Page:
If a Republican wins the endorsement of a large Latino organization, doesn't that qualify as news? Not in California. As of Monday, no major California paper had reported that Bill Simon won the endorsement of 22 of the 32 chapters of the Mexican American Political Association.
Also newsworthy but ignored was that aides to Gray Davis tried to scuttle these chapters' endorsement of Simon by tweaking MAPA's convention rules. But that didn't work, so they unsuccessfully attempted to cancel its convention.
"This is just typical of the ethical and moral standards Gray Davis has brought with him to the governor's office," Simon said. "This type of change-the-rules-to-meet-your-needs tactic, and strong-arm actions to cover-up unwanted criticism is the same kind of arrogant and disappointing record we have seen Gray Davis demonstrate in one pay to play scandal after another. It is no wonder the Latino community is tired of Gray Davis."
The California media hammer Simon for his poor campaigning. But once he displays some effective campaigning, their coverage dries up. To the extent that they have reported on Simon's Hispanic outreach, they have assumed a cynical, you-can't-fool-us air.
The rare times they do deign to report good news about the Simon campaign it is invariably filtered through the prism that Simon still can't win. Watch this week as they turn George Bush's campaigning for Simon into a story about the perils of the president appearing in the company of a flagging, tainted candidate.
The last time Bush campaigned for Simon the Los Angeles Times didn't even bother to report the fact. Last week the Times thought it newsworthy to report on the front page that Simon is appearing with great frequency on conservative talk radio. What curious behavior. Could the explanation be that he has zero chance of getting his message out through the dominant media?
Poll numbers don't seem to register with the media until they show Davis ahead. From March to August, Simon consistently led Davis in polls. But only a few outlets reported this fact. The media blackout on the poll numbers dampened Simon's fundraising efforts and protected the media-created perception that Simon couldn't win. The New York Times did several stories on the race during this period based on the premise that Simon was running a losing campaign. The stories omitted any mention that he was leading the race. In fact, it wasn't until this month, when Davis's poll numbers passed Simon's, that the New York Times acknowledged the earlier polls showing Simon competitive. (While the Times writes stories that read like Gray Davis press releases, the Washington Post is at least acknowledging that Simon "could bounce back, particularly in a race where more than half the electorate tell pollsters they do not really like his opponent, Gov. Gray Davis.")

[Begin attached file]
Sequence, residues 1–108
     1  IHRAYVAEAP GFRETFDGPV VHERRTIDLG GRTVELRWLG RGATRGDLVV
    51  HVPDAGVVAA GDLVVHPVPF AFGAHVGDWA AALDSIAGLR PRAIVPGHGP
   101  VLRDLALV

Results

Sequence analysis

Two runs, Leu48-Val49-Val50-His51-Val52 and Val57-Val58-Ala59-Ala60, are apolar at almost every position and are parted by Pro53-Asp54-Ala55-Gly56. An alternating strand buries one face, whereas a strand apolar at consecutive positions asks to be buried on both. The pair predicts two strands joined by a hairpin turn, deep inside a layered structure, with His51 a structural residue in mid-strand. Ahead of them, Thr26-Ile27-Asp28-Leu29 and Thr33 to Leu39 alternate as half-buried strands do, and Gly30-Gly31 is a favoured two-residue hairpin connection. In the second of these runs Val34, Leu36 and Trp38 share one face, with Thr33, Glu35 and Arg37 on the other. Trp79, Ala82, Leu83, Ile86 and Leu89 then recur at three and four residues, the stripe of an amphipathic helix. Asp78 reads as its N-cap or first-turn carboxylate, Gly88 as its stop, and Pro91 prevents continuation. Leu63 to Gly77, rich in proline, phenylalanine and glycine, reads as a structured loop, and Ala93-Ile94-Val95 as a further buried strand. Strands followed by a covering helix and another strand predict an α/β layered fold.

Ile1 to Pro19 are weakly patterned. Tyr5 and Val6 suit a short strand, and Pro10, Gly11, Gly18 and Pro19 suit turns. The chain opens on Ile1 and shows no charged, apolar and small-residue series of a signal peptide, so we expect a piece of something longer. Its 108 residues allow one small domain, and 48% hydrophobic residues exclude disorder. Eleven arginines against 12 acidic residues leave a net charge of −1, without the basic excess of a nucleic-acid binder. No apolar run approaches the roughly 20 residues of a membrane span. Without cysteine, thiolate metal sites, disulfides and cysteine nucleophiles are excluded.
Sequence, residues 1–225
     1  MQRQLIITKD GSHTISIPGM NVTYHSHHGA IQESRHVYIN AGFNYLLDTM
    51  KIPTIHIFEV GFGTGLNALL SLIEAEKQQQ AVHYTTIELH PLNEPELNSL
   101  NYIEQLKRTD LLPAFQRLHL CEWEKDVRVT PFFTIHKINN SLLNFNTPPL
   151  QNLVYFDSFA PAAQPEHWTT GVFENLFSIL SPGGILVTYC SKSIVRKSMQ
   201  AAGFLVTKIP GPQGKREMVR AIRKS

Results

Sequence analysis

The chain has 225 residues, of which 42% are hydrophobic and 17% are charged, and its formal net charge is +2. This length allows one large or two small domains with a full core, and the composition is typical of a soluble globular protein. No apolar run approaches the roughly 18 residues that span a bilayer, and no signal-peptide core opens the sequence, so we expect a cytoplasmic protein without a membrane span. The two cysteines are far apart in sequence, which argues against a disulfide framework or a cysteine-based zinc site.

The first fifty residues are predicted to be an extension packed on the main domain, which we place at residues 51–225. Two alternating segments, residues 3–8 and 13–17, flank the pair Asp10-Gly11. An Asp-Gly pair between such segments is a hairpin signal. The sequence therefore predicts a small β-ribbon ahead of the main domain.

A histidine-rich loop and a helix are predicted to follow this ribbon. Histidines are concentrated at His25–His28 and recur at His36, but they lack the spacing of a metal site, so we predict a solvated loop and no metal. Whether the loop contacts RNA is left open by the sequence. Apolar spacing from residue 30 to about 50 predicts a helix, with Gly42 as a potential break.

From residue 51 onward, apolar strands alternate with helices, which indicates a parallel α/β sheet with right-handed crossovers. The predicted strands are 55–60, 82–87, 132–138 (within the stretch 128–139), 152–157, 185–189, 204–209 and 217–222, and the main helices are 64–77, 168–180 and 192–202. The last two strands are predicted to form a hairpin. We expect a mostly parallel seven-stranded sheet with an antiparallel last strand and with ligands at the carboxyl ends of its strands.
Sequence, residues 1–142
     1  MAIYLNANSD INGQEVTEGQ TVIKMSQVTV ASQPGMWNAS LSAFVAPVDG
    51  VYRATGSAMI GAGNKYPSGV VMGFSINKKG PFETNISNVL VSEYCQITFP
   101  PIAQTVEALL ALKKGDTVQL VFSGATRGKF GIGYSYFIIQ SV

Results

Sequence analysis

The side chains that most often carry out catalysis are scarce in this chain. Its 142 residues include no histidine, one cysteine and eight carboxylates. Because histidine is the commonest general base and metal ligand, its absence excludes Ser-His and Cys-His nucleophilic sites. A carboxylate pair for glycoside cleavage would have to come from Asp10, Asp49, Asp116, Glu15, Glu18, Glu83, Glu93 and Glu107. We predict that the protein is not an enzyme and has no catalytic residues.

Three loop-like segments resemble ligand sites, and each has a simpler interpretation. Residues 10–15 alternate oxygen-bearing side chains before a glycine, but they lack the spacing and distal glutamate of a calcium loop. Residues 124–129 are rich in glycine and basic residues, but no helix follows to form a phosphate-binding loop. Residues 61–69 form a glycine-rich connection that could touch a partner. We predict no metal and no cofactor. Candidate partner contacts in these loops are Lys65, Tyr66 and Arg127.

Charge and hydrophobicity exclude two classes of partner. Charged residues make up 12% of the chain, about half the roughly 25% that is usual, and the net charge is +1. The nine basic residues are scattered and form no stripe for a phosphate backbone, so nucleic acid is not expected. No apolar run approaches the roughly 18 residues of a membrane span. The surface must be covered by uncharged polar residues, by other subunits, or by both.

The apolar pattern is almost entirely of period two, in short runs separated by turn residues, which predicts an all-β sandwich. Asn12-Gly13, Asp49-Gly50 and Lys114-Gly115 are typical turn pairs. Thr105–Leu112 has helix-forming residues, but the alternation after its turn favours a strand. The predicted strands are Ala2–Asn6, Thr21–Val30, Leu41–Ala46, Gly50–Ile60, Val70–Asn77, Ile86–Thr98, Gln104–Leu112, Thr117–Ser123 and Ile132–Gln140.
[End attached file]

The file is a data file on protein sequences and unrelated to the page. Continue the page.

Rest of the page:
The California media, particularly the Los Angeles Times, considers it "balance" to run one negative story about Simon for every negative story about Davis, even if Simon's "scandals" pale in comparison to Davis's. Hence the media have spent as much time, probably more, on Simon's "tax returns" and contested fraud suit as Davis's growing list of quid pro quos. According to the media's silly calculus, Simon's poor investments are equal in gravity to Davis's $24 billion deficit and habitual use of state government as a fundraising tool.
The media would clearly prefer to run races than report on them. That a traditional Republican can't win in California is not a fact, but a media prejudice they endeavor to establish as fact through coverage that leads to the traditional Republican's defeat.
Moderate Republicans, who pride themselves on knowing "how to win," seem enthusiastic in helping the media defeat Simon. Is it good politics to supply reporters with negative blind quotes for anti-Simon stories? These Republican experts on good politics seem to think so.
Simon can't even catch a break from the San Francisco Chronicle's idea of a "conservative" columnist, Debra Saunders. She declared that he should just "give up," that he is a "venal Republican," and that if Davis is "Greedy," he is "Greedy/Stupid."
At the time of Saunders's column, Simon was leading in polls. But with friends like her, those numbers were bound to evaporate.
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